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                draft-ietf-ccamp-pc-and-sc-reqs-00.txt   December 2006


   Network Working Group
   Internet Draft                                        Diego Caviglia
   Intended Status: Informational                         Dino Bramanti
                                                               Ericsson
                                                                 Dan Li
   Document:                                                     Huawei
   draft-ietf-ccamp-pc-and-sc-reqs-00.txt

   Expires:                                                   June 2007


     Requirements for the Conversion Between Permanent Connections and
    Switched Connections in a Generalized Multiprotocol Label Switching
                              (GMPLS) Network

Status of this Memo

   By submitting this Internet-Draft, each author represents that any
   applicable patent or other IPR claims of which he or she is aware
   have been or will be disclosed, and any of which he or she becomes
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Abstract

   From a Carrier perspective, the possibility of turning a Permanent
   Connection (PC) into a Soft Permanent Connection (SPC) and vice
   versa, without actually affecting Data Plane traffic being carried
   over it, is a valuable option. In other terms, such operation can be
   seen as a way of transferring the ownership and control of an
   existing and in-use Data Plane connection between the Management
   Plane and the Control Plane, leaving its Data Plane state untouched.



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   This memo sets out the requirements for such procedures within a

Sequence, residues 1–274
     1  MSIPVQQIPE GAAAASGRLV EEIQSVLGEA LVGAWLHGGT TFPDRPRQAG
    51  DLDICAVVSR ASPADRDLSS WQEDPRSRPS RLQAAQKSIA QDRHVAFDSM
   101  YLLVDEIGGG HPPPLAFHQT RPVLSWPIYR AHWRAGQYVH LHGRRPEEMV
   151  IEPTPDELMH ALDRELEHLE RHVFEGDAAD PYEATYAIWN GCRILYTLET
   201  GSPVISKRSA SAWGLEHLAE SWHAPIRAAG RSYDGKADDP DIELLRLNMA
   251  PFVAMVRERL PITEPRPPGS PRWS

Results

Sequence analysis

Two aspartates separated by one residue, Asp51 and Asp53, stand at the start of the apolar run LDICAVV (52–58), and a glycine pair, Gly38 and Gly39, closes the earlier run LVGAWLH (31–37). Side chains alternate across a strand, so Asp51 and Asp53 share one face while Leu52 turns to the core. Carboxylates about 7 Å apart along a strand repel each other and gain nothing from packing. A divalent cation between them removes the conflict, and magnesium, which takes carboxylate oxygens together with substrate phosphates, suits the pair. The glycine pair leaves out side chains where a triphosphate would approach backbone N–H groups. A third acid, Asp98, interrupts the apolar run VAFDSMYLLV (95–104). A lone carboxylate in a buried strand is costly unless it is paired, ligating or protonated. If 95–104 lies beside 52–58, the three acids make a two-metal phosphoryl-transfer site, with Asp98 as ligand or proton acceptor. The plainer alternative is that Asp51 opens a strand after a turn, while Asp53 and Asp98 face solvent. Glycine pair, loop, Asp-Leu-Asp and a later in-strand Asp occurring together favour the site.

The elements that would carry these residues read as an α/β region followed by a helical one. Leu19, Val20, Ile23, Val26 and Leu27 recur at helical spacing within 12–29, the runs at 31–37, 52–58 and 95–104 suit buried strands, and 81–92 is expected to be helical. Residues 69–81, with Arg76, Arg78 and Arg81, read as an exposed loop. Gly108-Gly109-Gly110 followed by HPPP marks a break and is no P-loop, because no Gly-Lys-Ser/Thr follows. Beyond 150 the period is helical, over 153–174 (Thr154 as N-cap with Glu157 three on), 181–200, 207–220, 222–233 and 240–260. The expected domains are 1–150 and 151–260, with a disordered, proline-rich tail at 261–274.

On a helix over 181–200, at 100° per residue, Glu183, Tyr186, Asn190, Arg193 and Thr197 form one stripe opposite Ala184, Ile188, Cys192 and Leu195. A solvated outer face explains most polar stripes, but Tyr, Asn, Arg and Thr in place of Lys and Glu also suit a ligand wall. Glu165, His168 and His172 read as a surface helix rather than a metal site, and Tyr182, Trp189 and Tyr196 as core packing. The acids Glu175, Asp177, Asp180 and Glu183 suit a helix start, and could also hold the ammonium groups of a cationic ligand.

Generalized Multiprotocol Label Switching (GMPLS) network.

Conventions used in this document


   The key words "MUST", "MUST NOT", "REQUIRED", "SHALL", "SHALL NOT",
   "SHOULD", "SHOULD NOT", "RECOMMENDED",  "MAY", and "OPTIONAL" in
   this document are to be interpreted as described in RFC-2119 [1].


Table of Contents

   1  Introduction..................................................34
   2  Motivation....................................................34
   3  Label Switched Path Terminology...............................34
   4  LSP within GMPLS Control Plane................................45
   4.1  Resource Ownership.........................................45
   4.2  Setting Up a GMPLS Controlled Network......................56
   5  Typical Use Cases.............................................56
   5.1  PC to SC/SPC Conversion....................................56
   5.2  SC to PC Conversion........................................67
   6  Requirements..................................................67
   6.1  Data Plane LSP Consistency.................................67
   6.2  No Disruption of User Traffic..............................67
   6.3  Transfer from Management Plane to Control Plane............78
   6.4  Transfer from Control Plane to Management Plane............78
   6.5  Synchronization of state among nodes during conversion.....78
   6.6  Support of Soft Permanent Connections......................78
   6.7  Failure of Transfer........................................78
   7  Security Considerations.......................................78